For Lawler, the history of abstraction is there for the taking; it has the same ready-made potential as a found object. It is a tendency to ‘take’ that we might read into the methodology of all the artists in One way return, an inclination toward collecting, copying and re-contextualising that might bear out the validity of Rex Butler’s assertion of a ‘crucial connection between appropriation and the question of Australian identity’. This is not imitation as failure but as a profound and, uniquely Antipodal, strategy. The world turned upside down:
‘It is our very distance from overseas originals, our indebtedness to and mimicry of others that is valued ... Australian art thus is not simply original, but wants as it were to re-narrate the originality of others.’3
This is a provocative line of inquiry, even as it is problematised by the fact of expatriation – the ‘overseas original’ made local – and by the further fact, as identified by Jan Verwoert, that ‘stealing images today feels different.’4
In Steven Morgana’s south London studio, a photo test print riffs on the reputation of WikiLeaks founder Julian Assange as a cyber-ranger, ‘Ned Kelly of the digital age’5. Assange, via Sidney Nolan, is dressed in a bushranger’s helmet and there is a temptation to read into this composite image a ready metaphor for the artist’s own outlaw tendencies . ‘I am always taking things’, Morgana tells me, but he demurs at the comparison; ‘[Assange] is really changing things, I am just an artist’. Morgana’s light fingers form disarmingly decorative shapes in the Patterns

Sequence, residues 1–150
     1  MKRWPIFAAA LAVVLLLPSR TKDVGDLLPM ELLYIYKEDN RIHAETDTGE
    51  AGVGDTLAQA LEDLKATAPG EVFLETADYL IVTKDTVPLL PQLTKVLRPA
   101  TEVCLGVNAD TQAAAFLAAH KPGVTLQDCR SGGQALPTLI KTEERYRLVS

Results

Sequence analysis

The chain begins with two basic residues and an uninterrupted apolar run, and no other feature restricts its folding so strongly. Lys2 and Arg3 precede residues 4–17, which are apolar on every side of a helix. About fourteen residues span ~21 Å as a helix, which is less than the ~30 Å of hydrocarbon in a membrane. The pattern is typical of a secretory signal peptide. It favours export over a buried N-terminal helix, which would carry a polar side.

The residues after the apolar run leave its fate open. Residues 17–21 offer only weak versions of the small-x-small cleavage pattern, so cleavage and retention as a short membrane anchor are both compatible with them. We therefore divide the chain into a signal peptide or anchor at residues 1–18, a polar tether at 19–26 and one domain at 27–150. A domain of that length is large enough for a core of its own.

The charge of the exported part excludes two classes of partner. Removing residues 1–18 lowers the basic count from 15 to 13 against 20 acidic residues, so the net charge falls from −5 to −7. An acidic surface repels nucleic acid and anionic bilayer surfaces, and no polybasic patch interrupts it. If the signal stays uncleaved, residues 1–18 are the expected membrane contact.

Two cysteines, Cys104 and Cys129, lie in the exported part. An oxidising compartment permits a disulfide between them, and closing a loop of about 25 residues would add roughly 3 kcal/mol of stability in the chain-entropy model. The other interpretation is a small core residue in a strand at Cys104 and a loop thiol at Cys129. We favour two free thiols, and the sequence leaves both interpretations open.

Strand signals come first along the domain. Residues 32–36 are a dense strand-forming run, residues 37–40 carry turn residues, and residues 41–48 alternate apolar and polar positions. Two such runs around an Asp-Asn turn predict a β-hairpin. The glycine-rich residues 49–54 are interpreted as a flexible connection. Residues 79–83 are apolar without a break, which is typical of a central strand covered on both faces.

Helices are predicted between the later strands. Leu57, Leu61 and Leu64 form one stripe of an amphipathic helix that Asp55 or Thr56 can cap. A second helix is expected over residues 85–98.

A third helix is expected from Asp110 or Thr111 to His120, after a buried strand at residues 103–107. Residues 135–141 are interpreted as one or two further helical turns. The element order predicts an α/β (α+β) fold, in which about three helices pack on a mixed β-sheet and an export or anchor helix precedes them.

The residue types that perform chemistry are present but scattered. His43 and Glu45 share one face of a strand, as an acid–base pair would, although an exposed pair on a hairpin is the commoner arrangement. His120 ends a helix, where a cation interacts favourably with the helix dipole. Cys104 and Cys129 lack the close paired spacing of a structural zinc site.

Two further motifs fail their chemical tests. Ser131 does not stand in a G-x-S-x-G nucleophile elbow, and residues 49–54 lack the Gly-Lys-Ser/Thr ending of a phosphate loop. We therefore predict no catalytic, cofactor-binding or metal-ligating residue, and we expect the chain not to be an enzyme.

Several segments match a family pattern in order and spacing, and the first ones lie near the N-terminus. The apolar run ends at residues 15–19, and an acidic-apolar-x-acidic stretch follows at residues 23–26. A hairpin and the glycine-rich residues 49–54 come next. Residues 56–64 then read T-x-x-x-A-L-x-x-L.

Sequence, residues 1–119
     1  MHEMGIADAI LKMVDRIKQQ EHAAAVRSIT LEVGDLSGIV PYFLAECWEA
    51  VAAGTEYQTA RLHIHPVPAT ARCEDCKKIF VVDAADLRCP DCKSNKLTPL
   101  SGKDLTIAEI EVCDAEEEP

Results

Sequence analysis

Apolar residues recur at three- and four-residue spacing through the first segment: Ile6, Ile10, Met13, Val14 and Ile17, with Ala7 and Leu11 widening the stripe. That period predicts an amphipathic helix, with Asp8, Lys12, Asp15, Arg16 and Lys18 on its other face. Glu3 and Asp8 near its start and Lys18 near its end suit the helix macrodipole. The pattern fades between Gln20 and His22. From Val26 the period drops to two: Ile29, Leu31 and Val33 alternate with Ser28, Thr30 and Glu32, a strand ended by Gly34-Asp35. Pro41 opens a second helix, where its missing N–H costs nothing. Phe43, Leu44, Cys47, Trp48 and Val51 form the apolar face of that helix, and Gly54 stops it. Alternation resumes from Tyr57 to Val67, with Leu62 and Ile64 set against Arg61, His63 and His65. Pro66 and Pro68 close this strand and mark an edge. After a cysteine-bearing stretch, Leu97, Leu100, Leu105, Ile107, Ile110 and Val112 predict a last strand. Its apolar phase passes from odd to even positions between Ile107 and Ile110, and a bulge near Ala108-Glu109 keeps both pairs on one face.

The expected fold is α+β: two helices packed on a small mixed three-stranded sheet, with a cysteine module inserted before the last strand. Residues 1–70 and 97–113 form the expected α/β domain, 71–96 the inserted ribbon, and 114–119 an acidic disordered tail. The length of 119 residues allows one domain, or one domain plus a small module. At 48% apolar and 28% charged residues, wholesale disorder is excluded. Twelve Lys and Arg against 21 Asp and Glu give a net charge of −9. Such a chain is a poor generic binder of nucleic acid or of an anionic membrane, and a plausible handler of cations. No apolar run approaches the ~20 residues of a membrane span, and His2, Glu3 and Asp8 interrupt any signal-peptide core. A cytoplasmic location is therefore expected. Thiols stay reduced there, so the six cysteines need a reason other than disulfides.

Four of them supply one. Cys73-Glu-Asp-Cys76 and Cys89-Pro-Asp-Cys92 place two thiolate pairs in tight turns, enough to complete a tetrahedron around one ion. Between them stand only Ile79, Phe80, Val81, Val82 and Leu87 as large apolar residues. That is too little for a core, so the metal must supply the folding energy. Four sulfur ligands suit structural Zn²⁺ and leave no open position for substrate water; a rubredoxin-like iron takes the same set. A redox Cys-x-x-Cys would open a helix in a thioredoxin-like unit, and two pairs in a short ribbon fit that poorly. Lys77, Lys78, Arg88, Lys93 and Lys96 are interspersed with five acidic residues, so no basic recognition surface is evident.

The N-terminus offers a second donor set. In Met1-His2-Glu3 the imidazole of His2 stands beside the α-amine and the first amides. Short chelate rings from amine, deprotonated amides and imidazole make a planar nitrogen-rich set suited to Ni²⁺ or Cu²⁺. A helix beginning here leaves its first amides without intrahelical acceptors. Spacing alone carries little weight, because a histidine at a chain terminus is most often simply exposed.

￼￼￼￼￼￼￼￼￼￼￼￼￼series. His materials are fibreboard fundraising posters, purloined from the train carriages of the National Rail service. The posters tell of worldly ills and community concerns, famine in Africa, genital mutilation, foster care..., but their message is reduced to slivers; meaning reconfigured in a tight triaxial weave. This is not a practice governed by a driving research interest but rather by a magpie-like fascination and a concern with the connectivity between things. To work with and reassemble this material is to literally tackle issues that otherwise provoke hopelessness or ambivalence. It is a physical act that like Morgana’s jarring and disruptive titles (Patterns: Suicidal, Genitally Mutilated & Sentenced to Death; Patterns:Lonely, Thirsty & Parentless), guards against distracted viewing.